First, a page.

A study by researchers from the Institut Jacques Monod (CNRS/Université de Paris) has revealed that the prehistoric history of France shows two distinct periods of migration.
The first occurred during the Neolithic period around 6300 years ago, with the second migration period during the Bronze Age around 4200 years ago. The study analysed the genomes from 243 burials, covering a time span of 7000 YEARS.
The results revealed how admixture between native hunter-gatherers and the first Anatolian Neolithic migrants brought a new lifestyle based on agriculture and an ongoing record in the genomes of French people today.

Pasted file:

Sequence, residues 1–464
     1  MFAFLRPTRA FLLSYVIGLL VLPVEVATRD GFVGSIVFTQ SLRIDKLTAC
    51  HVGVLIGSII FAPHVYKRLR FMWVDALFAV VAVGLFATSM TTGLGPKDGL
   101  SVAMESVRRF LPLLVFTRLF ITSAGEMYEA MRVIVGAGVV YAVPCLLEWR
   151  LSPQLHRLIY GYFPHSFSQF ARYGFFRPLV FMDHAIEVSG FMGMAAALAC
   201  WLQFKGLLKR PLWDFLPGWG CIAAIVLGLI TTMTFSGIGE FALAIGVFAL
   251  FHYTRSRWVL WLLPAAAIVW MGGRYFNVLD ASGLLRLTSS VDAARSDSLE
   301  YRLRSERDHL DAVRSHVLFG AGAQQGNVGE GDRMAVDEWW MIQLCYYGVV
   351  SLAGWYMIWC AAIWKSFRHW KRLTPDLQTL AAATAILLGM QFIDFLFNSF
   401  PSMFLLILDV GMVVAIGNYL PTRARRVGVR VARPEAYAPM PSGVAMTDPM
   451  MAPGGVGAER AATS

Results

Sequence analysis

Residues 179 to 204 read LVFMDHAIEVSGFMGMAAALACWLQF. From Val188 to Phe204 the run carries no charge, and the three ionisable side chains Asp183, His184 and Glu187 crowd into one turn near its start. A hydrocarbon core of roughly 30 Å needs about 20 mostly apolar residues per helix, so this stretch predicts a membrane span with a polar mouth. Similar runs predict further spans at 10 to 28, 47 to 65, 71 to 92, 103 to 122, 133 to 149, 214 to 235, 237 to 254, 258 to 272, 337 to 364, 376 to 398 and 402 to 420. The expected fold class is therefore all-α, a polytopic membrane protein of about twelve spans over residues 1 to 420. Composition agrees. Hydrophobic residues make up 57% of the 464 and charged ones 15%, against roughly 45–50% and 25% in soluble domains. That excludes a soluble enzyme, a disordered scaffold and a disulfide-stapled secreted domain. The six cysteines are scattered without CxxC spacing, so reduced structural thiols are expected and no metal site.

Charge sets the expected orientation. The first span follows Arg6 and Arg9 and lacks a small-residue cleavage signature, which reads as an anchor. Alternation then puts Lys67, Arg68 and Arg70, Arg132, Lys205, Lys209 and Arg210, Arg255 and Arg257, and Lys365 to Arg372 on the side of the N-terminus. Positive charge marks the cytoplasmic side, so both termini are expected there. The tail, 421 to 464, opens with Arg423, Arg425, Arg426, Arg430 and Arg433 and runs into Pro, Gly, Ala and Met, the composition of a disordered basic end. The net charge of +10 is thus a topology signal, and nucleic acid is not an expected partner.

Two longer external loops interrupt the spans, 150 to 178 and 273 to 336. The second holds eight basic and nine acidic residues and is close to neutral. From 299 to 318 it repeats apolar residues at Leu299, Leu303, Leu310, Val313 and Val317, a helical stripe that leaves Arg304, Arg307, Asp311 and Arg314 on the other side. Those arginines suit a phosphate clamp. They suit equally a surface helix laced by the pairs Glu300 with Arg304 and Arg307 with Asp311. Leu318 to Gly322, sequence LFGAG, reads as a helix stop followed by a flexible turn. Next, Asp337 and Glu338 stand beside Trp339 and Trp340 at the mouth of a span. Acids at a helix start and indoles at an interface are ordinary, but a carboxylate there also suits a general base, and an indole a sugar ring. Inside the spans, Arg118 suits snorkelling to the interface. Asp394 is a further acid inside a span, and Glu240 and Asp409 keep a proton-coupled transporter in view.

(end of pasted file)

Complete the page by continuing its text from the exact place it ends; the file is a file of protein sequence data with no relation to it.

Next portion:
Admixture of the Neolithic populations with those from the Pontic steppes (a vaste steppeland stretching from the northern shores of the Black Sea as far east as the Caspian Sea, from Dobruja in the northeastern corner of Bulgaria and southeastern Romania, through Moldova and eastern Ukraine across Russian Northern Caucasus, Southern and lower Volga regions to western Kazakhstan, forming part of the larger Eurasian steppe, adjacent to the Kazakh steppe to the east) who arrived 4,200 years ago also left a lasting imprint, with the Y chromosome of the majority of French men still bearing the signature of men from the steppes.
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